The project will use two approaches. One is based on numerical simulation and the other is a Paul Trap (IBEX) experiment. To some extent, real accelerators like ISIS may also be used to check part of the findings. Numerical simulation of high-intensity beams in a ring accelerator has been developed and benchmarked significantly thanks to the recent completion of new facilities J-PARC and SNS. IBEX has progressed further since it started several years ago. With nonlinear elements recently implemented, the second DPhil project is about to finish this August. The study structure will cover the following main components. 


  1. Make a model with FODO focusing structure. 
  2. Check if high-intensity beam physics is properly included: namely observation of space charge tune shift, incoherent and coherent resonances excited at particular intensities. 
  3. Without injection process, scan the tune space and see 100% or 99% emittance growth.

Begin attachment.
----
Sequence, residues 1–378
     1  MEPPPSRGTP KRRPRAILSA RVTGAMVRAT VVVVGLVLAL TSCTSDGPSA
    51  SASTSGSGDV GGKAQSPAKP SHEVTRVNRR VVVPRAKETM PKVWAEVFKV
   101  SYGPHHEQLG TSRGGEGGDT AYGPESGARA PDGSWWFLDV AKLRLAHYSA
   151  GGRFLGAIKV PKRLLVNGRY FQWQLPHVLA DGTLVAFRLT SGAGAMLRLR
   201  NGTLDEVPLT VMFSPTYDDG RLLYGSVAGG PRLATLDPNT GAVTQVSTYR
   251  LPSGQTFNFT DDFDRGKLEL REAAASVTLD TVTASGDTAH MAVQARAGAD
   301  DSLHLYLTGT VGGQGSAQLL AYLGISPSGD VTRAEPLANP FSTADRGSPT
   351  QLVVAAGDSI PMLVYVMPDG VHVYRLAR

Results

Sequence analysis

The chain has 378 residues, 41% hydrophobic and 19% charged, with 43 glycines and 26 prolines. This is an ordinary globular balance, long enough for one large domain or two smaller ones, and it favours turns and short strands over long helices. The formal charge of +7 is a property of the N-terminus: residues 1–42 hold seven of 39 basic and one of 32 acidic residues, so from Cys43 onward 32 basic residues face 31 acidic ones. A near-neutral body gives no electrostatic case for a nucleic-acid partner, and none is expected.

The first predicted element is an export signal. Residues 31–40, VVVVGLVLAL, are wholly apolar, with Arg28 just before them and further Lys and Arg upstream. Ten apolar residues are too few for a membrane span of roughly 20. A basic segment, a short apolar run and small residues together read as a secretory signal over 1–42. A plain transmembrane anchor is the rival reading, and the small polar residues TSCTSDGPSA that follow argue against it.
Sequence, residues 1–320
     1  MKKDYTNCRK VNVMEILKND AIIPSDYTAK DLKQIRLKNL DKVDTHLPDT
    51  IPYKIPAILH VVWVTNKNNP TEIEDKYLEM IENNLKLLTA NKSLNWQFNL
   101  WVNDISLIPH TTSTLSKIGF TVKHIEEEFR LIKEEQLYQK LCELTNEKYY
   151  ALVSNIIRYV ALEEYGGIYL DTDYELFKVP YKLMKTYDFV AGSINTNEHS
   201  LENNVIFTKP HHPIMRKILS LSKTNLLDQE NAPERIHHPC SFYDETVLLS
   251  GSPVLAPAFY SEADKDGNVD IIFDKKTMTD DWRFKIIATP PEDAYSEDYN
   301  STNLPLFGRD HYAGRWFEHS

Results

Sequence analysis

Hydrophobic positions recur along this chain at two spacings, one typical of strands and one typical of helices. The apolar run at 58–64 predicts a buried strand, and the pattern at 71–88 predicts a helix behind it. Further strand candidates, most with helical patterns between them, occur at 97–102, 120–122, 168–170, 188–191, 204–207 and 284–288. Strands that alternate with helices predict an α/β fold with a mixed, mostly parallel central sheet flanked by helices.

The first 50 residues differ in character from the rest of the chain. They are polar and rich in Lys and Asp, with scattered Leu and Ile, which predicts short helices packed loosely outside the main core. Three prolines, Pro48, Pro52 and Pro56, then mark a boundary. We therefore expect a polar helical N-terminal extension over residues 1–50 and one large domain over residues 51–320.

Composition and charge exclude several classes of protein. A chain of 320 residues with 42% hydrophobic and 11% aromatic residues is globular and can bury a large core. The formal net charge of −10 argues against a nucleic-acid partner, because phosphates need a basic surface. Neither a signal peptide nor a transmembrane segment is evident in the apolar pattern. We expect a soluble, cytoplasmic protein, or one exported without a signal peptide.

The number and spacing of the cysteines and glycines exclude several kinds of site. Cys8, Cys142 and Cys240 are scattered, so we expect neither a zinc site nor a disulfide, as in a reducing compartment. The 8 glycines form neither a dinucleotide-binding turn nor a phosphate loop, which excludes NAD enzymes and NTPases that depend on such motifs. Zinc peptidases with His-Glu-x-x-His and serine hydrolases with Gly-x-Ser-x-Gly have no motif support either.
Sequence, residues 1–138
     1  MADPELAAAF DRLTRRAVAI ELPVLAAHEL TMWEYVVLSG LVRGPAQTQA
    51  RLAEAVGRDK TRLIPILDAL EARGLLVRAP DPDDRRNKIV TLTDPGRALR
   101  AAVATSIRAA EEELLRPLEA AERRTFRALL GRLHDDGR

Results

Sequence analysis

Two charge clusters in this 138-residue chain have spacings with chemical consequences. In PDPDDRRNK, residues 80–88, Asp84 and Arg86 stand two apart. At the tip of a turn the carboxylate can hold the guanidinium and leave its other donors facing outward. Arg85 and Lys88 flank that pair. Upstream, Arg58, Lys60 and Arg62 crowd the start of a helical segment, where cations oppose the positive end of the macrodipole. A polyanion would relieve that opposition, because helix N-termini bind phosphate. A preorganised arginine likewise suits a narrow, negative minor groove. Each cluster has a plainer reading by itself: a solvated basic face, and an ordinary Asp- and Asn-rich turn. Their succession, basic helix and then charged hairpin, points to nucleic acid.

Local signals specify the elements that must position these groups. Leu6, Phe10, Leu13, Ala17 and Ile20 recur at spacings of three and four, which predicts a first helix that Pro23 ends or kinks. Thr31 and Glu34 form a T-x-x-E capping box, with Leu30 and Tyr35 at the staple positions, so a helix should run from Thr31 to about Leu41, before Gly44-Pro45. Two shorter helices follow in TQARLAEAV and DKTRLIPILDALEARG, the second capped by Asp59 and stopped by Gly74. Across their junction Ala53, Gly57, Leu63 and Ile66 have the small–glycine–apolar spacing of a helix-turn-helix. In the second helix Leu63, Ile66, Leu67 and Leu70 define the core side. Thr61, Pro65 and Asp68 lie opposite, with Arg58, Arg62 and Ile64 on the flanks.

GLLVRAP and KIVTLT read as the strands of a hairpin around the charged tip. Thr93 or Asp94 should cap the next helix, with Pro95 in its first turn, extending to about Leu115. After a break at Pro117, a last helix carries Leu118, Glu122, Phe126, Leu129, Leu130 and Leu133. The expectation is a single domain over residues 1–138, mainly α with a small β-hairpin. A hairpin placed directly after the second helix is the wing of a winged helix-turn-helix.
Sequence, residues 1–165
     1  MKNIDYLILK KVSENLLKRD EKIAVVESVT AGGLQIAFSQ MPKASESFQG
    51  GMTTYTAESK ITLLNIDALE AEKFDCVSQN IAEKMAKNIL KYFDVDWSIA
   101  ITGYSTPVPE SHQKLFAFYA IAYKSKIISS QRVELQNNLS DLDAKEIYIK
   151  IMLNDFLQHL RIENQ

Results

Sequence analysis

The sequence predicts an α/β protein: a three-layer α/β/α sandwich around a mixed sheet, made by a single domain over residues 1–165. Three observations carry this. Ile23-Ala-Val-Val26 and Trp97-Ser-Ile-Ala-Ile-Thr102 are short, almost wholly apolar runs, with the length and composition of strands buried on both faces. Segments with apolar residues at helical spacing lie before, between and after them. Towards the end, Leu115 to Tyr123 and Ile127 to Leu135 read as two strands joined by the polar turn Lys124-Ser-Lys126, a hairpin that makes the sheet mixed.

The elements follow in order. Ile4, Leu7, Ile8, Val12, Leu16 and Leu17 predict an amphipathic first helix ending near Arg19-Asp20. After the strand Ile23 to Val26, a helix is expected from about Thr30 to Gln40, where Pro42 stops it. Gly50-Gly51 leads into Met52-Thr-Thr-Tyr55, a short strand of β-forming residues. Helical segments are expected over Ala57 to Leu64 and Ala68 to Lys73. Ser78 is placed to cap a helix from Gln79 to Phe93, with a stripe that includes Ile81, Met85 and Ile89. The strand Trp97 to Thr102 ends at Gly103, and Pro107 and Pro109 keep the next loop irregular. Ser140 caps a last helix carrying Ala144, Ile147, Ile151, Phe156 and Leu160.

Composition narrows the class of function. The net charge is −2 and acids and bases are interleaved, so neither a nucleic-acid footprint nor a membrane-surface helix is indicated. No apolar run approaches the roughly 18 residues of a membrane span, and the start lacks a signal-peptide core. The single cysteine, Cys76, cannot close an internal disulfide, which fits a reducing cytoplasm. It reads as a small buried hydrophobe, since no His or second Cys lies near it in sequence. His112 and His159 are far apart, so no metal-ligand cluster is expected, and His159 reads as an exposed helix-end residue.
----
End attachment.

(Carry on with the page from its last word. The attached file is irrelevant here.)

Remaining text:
4. Try and see how the results change with different initial conditions: e.g. emittance ratio between horizontal and vertical.  
  5. With injection painting, scan the tune space. Correlated painting might show similar results as ones without injection process. Anti-correlated painting adds complications because the tune shift in horizontal and vertical directions becomes asymmetric during injection. 
  6. Analyse the simulation results: emittance exchange, tail development, excitation of coherent modes, … 


  1. Identify tune range IBEX can explore, especially how asymmetrical tune can be tested. 
  2. Modify the RF amplifier (we could ask an engineer at Oxford University) if the tune range covered is not enough. 
  3. Further develop the MCP detector (and other diagnostics if necessary) to observe physical beam cross section. 
  4. Simulate IBEX numerically with simple configurations to see if we model the beam behaviour in IBEX completely. 
  5. Demonstrate experimentally the results from simulation: emittance exchange, tail development, excitation of coherent modes, …